On the anomalous large-scale flows in the Universe

On the anomalous large-scale flows in the Universe


Recent combined analyses of the CMB and galaxy cluster data reveal unexpectedly large and anisotropic peculiar velocity fields at large scales. We study cosmic models with included vorticity, acceleration and total angular momentum of the Universe in order to understand the phenomenon. The Zel’dovich model is used to mimic the low redshift evolution of the angular momentum. Solving coupled evolution equations of the second order for density contrast in corrected Ellis-Bruni covariant and gauge-invariant formalism one can properly normalize and evaluate integrated Sachs-Wolfe effect and peculiar velocity field. The theoretical results compared to the observations favor a much larger matter content of the Universe than that of the concordance model. Large-scale flows appear anisotropic with dominant components placed in the plane perpendicular to the axis of vorticity (rotation). The integrated Sachs-Wolfe term has a negative contribution to the CMB fluctuations for the negative cosmological constant and it can explain the observed small power of the CMB TT spectrum at large scales. The rate of the expansion of the Universe may be substantially affected by the angular momentum if its magnitude is large enough.

PACS-98.80.EsObservational cosmology(including Hubble constant, distance scale, cosmological constant, early Universe, etc.) and PACS-12.10.DmUnified theories and models of strong and electroweak interactions and PACS-04.60.-mQuantum gravity

1 Introduction and motivation

Modern cosmology relies heavily on two paradigms in order to fit vast astrophysical datasets: 1. the existence of dark matter and 2. the existence of dark energy. It is assumed that dark matter consists of the neutral weakly interacting fermion decoupled from primordial plasma as a nonrelativistic species (cold dark matter=CDM). The CDM-mass-density behavior on redshift is the standard one of nonrelativistic matter. The origin and the redshift behavior of dark energy is rather obscure. The concordance model presumes that dark energy is positive cosmological constant.

Dark matter is thus a problem of particle physics, while dark energy is a common problem of field theory, particle physics and the theory of gravity.

The common mathematical difficulties of the zero distance singularity and causality motivate the proposal for a new symmetry-breaking mechanism in particle physics (BY theory of ref. (1)) and new studies in the Einstein-Cartan theory of gravity. Heavy Majorana neutrinos within the nonsingular and causal SU(3) electroweak-strong unification (1) represent the main building block of the Universe as a cold dark matter (DM) particles. They are cosmologically stable with large annihilation cross sections (2). The H.E.S.S. source J1745-290 (3) in the center of our galaxy and WMAP haze (4) are possible indications of the heavy DM particle annihilations.

Light Majorana neutrinos trigger vorticity of the Universe (5); (6) through the spin-torsion relations in the Einstein-Cartan cosmology at early times of the evolution. The formation of large-scale structures in the form of galaxies and clusters, as well as, the present anisotropy of spacetime, not predicted by inflation of the concordance model, indicate the existence of nonvanishing total angular momentum of the Universe.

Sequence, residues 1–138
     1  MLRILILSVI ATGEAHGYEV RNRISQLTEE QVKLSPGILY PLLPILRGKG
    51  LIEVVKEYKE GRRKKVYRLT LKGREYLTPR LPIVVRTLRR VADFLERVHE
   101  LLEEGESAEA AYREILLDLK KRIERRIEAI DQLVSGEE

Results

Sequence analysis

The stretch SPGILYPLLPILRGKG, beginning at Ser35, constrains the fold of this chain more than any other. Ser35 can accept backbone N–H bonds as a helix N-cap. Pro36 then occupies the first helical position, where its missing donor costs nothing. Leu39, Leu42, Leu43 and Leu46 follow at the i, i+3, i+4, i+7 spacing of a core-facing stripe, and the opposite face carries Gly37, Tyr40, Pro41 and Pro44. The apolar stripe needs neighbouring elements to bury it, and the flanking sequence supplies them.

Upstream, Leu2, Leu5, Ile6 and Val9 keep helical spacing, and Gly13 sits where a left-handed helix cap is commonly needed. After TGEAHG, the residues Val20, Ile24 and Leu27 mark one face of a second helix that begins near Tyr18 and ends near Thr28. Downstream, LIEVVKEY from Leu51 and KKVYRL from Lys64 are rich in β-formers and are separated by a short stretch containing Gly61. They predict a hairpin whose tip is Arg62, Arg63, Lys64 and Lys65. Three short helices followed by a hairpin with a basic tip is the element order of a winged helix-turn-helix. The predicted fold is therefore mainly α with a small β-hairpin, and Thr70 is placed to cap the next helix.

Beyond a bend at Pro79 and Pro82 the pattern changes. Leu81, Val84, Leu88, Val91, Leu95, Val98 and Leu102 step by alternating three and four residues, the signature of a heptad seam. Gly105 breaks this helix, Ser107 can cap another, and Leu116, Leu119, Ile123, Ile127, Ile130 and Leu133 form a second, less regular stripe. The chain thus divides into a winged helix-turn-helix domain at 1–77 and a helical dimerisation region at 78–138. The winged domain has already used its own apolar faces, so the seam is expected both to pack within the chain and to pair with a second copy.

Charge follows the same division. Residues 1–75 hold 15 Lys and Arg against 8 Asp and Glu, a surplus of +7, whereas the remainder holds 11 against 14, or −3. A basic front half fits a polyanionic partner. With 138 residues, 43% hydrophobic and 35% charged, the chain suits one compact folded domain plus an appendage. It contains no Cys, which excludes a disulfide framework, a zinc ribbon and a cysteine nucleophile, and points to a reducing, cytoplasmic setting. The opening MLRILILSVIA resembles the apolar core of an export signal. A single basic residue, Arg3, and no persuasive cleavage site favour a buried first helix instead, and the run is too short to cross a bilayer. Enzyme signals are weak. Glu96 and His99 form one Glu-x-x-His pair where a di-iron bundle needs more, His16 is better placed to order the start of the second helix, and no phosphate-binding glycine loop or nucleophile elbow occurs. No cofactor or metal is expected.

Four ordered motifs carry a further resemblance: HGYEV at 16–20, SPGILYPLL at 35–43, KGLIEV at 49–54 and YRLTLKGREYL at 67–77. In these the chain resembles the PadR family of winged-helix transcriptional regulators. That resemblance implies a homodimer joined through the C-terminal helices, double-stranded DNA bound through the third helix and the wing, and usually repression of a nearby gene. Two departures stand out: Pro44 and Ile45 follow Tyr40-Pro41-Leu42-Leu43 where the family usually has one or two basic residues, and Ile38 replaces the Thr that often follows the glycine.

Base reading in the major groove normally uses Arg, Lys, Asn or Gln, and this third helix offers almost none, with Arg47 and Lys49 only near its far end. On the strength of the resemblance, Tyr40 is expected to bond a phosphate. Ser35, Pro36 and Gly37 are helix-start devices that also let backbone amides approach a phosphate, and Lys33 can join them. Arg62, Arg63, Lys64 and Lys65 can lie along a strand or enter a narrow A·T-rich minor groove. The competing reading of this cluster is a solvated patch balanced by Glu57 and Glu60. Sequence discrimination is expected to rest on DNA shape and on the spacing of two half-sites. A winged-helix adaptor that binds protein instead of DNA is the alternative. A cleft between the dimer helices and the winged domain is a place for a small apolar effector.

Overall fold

The current measurements of the CMB by WMAP, the large catalogues of SDSS, the new cluster and the peculiar velocity catalogues motivate us to undertake considerations to explain features that are not expected in the concordance model-anisotropic anomalous large-scale flows. The low power of large-scale TT CMB fluctuations observed by COBE and WMAP, discrepant with the model, should be explained with new cosmologies.

In the next chapter we derive the evolution equations of density contrast for models with expansion, vorticity, acceleration and angular momentum within the corrected Ellis-Bruni formalism. A comparison is made with the standard formulas of isotropic and homogeneous spacetime. One can then evaluate integrated Sachs-Wolfe effect and RMS peculiar velocity field for any model.

The last chapter is devoted for discussions, conclusions and suggestions for future work. Appendices contain detailed framework for Einstein-Cartan cosmology with field equations, propagation equations and a comparison of the corrected and standard Ellis-Bruni fluid-flow approach for the density-contrast evolution.

2 Evolution equations

Our interest is the evolution of the Universe during the matter dominated epoch. The standard lore for the evolution of the density contrast, peculiar acceleration and peculiar velocity field gives the following equations (7); (8); (9):


The root mean square (RMS) values of the mass-density contrast and the peculiar velocity field at a certain scale and the redshift using Gaussian window functions (7); (8); (9) are defined as:


The aim is to study cosmological models with vorticity, acceleration and nonvanishing total angular momentum through torsion effects. We use the standard CDM power spectrum defined in (8).

The growth function must be studied carefully. Our choice of covariant spacelike vectors within a fluid-flow formalism differs from that of Ellis and Bruni (10):


These vectors fulfil the Stewart-Walker lemma (11) and their evolution equations result in a correct solution for a density contrast formed from their scalar invariants. This is not the case for the standard Ellis-Bruni covariant vectors.